In order to fill the White House Rose Garden for Melania Trump’s Tuesday night speech, COVID-19 safety procedures were ignored. Attendees did not socially distance and did not mask, and not all were tested beforehand.
The speech violated historical conventions about how the White House should be used during a president’s reelection campaign. If, as seems overwhelmingly likely, government resources were used in any way to produce the event, the speech violated laws as well.
Melania Trump’s speech did all these things in order to tell a lie. The lie, in this case, was not one of the flamboyant, paranoid lies told by her stepson on the first night of the Republican National Convention. Nor was the lie, in this case, one of the casual misrepresentations of specific checkable facts that filled so much of the convention’s second night. The lie was a more existential one, and one somehow even more symbolic of the Trump presidency than the other kinds of lies.
No presidential spouse in modern times has engaged in fewer public appearances than Melania Trump. That’s her prerogative of course. There’s no job description for the first lady, or a future first gentleman. There is virtually nothing a first lady or first gentleman must do. If the spouse of the president wishes to make few public appearances, or do little for public causes, and focus almost exclusively on her personal and private concerns, that is, of course, an option. What is uniquely Trumpian about this first lady is that she has done far less for the American people than any first lady in a century—while spending far more public funds on her personal upkeep.
During the government shutdown of 2018–19, President Donald Trump nixed a long-planned trip by Speaker Nancy Pelosi to visit U.S. troops in Afghanistan. During that same shutdown, Melania Trump spent $35,000 of public funds to fly to Florida so she could spend the Martin Luther King Jr. Day weekend there, although her husband remained in Washington. The trip was her second solo trip to Florida in less than a month; she also traveled apart from her husband in Washington over New Year’s Eve, again at public cost.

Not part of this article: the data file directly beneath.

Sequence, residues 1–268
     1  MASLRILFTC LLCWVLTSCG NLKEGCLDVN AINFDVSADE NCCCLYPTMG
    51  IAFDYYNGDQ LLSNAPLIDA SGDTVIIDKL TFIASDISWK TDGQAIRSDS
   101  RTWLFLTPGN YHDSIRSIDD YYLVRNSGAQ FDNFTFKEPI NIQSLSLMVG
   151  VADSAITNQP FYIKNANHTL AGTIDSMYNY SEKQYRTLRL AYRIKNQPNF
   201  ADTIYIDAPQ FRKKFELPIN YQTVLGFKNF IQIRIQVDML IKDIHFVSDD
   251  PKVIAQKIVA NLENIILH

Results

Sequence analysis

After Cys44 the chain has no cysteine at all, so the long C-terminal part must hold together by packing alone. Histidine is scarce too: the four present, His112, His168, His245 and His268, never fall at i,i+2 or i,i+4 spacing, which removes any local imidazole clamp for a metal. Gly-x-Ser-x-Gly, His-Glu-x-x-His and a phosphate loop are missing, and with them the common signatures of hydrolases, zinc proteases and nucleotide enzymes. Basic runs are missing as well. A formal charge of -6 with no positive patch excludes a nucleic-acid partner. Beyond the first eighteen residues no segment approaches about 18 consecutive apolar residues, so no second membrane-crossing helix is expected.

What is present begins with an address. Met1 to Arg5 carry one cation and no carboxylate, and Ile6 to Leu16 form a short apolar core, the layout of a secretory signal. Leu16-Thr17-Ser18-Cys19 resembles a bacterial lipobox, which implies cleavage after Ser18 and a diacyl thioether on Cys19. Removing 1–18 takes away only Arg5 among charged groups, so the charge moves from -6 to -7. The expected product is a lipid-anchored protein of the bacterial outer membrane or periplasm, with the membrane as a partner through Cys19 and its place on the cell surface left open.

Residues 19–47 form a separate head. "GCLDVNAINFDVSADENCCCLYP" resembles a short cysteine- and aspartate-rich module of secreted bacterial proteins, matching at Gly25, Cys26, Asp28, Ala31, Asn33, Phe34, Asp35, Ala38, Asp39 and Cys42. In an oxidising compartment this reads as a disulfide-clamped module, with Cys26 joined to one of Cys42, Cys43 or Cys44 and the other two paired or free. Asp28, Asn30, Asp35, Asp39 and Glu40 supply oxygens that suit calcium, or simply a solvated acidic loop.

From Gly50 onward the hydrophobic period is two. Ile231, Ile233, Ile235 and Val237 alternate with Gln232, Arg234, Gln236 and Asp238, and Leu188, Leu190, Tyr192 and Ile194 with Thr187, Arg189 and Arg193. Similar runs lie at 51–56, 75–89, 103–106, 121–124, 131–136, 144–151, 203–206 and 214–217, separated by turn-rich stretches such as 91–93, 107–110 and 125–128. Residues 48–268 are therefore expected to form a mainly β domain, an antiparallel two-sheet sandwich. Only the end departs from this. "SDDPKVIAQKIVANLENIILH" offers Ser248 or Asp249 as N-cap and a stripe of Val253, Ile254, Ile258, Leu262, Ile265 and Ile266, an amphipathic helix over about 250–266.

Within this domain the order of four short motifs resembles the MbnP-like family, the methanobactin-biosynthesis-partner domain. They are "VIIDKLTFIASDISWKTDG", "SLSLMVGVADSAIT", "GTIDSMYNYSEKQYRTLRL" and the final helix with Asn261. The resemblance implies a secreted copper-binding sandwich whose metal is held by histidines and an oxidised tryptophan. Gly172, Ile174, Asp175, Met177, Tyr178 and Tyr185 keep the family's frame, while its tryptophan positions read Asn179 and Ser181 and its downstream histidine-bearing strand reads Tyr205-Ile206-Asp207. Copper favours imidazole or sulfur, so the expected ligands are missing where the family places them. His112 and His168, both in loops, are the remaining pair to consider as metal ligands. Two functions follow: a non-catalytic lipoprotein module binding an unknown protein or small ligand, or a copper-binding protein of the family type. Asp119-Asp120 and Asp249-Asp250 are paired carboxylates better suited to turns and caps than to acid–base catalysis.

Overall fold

When Donald Trump was elected president, Melania Trump at first refused to move to Washington with him at all. The purpose of the delay, Mary Jordan reported in her book about Melania Trump, was to leverage a more advantageous prenuptial deal out of Trump. Once the money was secured, Melania Trump relocated. But if the delay was indeed about a renegotiation, the process came at incredible expense to taxpayers. Melania Trump did not relocate to the White House until June 2017. The first three months of that delay alone—January, February, and March—imposed $675,000 in travel costs on taxpayers. That figure emerged only because of court proceedings; the cost of her full six months in New York remains a secret. And to put the figure in perspective: The cost to taxpayers of only those first three months was double Michelle Obama’s average total annual travel cost.
Doing as little for public good as possible, grabbing as much as possible from the public Treasury: That has been the approach of the whole Trump family during the Trump presidency.
The story Melania Trump narrated in the Rose Garden was, of course, just the opposite. There, she spun her very occasional public acts as a public contribution on the scale of her predecessors’, who all did far more, at less expense. To do the spinning, she violated an important restraint on the use of the White House, and almost certainly involved her staff in violations of federal election law.
The text of Melania Trump’s speech was rambling, vapid, and disconnected from reality. It mixed sad laments about the partisan and cultural divides that her husband foments and exploits, and that she herself has done little to overcome, with partisan slams at opponents and the media. “No matter the amount of negative or false media headlines or attacks from the other side, Donald Trump has not and will not lose for you,” she said. But the speech in its full context revealed much about the family side of the Trumps: the damage they have done in office, the damage they will continue to do if given a second term. That approach framed the spooky blankness of the first lady’s face and the empty falsehood of her words.
We want to hear what you think about this article. Submit a letter to the editor or write to firstname.lastname@example.org.